Documenting Weapons in Situations of Armed Conflict: Methods and Trends (Research Note 42)
The proliferation and misuse of small arms, light weapons, and their associated ammunition in situations of armed conflict have been important concerns for the international community for the last 20 years. Yet it is only more recently that specific knowledge about the models and origins of the small arms circulating in conflict zones has emerged.
Thanks to the work of a multitude of actors who make their findings public, a wealth of data is available for analysis. Based on several chapters of the last three Small Arms Survey yearbooks and additional sources, this Research Note reviews some of the methods and sources employed by Survey researchers and consultants to document weapons and ammunition in situations of armed conflict, and highlights the main patterns emerging from this research (2014).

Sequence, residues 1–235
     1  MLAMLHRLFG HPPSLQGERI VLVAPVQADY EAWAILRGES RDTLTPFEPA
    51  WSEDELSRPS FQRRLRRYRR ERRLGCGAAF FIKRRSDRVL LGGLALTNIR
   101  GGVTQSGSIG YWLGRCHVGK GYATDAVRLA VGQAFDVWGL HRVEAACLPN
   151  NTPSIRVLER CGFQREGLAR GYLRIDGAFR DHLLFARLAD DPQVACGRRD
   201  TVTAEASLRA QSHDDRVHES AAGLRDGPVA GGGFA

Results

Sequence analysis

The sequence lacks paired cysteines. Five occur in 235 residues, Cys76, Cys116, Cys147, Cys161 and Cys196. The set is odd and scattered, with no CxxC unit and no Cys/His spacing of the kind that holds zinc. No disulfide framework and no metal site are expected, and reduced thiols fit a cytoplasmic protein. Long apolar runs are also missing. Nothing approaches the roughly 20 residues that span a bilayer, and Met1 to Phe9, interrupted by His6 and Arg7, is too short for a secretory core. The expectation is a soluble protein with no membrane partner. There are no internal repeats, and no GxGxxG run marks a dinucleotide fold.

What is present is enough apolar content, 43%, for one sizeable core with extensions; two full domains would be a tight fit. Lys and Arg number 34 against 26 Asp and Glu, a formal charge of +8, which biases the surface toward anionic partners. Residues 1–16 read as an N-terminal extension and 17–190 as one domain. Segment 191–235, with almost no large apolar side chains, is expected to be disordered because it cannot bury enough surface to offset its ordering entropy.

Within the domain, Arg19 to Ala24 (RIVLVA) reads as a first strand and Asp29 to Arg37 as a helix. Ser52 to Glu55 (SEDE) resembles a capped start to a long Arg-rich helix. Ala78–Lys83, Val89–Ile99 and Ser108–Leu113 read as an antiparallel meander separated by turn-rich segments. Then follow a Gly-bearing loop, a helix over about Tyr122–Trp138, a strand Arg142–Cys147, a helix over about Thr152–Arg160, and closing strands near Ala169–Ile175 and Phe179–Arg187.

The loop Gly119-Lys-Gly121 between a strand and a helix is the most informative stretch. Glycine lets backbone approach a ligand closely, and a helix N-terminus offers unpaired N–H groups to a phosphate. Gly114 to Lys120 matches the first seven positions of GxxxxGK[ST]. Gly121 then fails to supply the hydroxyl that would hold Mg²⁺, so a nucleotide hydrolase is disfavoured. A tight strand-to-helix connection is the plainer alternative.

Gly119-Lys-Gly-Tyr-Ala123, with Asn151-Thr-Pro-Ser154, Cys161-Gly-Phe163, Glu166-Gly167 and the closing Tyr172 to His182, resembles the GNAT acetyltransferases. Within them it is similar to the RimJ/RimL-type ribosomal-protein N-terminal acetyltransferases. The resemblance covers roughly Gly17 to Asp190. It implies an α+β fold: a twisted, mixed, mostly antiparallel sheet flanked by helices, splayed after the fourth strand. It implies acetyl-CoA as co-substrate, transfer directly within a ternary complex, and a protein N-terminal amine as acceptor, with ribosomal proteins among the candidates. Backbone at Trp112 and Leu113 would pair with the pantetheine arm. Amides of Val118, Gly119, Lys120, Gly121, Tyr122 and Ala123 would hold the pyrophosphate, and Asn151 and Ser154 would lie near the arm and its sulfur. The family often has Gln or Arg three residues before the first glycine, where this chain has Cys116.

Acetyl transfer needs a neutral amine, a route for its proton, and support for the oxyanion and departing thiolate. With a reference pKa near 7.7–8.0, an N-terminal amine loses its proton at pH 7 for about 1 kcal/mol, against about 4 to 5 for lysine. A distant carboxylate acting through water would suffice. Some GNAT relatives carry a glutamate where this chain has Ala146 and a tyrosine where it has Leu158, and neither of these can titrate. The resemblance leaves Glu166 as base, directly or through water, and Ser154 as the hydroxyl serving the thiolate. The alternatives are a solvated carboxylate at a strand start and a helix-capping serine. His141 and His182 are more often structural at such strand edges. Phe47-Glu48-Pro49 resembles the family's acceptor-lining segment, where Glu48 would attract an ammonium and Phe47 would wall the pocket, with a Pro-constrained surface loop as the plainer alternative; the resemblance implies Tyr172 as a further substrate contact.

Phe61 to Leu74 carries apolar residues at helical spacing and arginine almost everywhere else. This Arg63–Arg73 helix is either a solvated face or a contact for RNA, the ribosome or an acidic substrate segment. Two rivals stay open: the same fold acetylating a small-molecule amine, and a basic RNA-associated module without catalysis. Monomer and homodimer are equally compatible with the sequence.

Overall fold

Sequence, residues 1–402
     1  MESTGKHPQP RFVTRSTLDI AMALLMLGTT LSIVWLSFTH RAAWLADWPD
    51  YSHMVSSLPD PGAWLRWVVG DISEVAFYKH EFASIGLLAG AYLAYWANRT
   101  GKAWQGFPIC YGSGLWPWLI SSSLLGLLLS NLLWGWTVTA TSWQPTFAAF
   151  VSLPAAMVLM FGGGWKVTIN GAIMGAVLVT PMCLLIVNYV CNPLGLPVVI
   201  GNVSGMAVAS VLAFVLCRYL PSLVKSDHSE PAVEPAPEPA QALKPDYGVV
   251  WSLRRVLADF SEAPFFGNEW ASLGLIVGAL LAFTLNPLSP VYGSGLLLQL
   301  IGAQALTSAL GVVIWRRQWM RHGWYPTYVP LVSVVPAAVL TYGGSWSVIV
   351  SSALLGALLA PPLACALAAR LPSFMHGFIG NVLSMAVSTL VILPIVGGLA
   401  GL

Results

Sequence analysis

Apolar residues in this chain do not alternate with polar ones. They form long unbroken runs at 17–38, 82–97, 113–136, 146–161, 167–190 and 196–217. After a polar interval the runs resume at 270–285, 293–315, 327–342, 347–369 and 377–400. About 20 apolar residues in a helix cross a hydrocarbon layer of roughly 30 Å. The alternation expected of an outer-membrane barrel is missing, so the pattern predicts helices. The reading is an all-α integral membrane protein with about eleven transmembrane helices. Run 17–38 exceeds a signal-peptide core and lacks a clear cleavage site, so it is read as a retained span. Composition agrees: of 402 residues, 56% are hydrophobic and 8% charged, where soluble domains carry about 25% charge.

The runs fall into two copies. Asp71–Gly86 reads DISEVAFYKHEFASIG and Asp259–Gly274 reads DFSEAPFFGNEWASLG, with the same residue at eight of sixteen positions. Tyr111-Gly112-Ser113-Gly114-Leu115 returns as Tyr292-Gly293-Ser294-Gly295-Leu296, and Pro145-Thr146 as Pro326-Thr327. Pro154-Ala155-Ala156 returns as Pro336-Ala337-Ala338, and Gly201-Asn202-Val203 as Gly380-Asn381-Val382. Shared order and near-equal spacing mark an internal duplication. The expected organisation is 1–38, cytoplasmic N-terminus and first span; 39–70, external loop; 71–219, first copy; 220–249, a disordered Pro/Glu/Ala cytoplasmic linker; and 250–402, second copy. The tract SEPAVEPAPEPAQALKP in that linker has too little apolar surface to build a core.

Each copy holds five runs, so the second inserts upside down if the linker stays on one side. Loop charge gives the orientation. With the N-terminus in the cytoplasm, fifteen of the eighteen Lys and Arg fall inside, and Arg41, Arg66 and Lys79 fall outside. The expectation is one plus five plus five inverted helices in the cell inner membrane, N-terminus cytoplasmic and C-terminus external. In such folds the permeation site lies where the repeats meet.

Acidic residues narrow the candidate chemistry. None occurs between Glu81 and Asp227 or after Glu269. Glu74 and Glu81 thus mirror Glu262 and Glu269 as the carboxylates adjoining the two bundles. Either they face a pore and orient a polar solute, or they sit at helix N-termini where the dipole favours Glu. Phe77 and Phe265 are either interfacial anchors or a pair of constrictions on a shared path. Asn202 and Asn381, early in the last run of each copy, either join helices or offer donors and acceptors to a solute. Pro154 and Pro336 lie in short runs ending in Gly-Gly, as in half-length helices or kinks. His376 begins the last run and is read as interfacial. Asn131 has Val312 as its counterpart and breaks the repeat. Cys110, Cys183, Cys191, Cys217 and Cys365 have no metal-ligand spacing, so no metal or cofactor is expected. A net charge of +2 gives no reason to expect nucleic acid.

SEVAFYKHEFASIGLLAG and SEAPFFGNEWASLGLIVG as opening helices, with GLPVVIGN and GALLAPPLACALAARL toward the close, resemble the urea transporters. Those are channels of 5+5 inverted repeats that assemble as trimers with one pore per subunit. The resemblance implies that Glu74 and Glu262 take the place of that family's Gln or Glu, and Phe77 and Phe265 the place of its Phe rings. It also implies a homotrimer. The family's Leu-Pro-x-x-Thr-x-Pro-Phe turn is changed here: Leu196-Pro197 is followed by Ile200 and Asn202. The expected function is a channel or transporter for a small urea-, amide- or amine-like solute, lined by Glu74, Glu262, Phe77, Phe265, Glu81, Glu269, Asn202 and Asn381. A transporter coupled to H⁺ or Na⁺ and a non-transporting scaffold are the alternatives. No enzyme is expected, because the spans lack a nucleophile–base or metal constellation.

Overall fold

Initially it is important to note that the producing countries identified are not necessarily responsible for transferring the arms and ammunition in question directly to conflict zones. Indeed, producers may have exported materiel legally to these or other countries before it was retransferred without their knowledge, or diverted to non-state armed groups or illicit markets. Information on producers is nevertheless important in generating a baseline for the armaments in circulation, which in turn may facilitate the identification of unusual or new flows over time and across borders. Moreover, identifying producers is often a necessary first step in establishing the full chain of custody of weapons transfers to areas affected by conflict.
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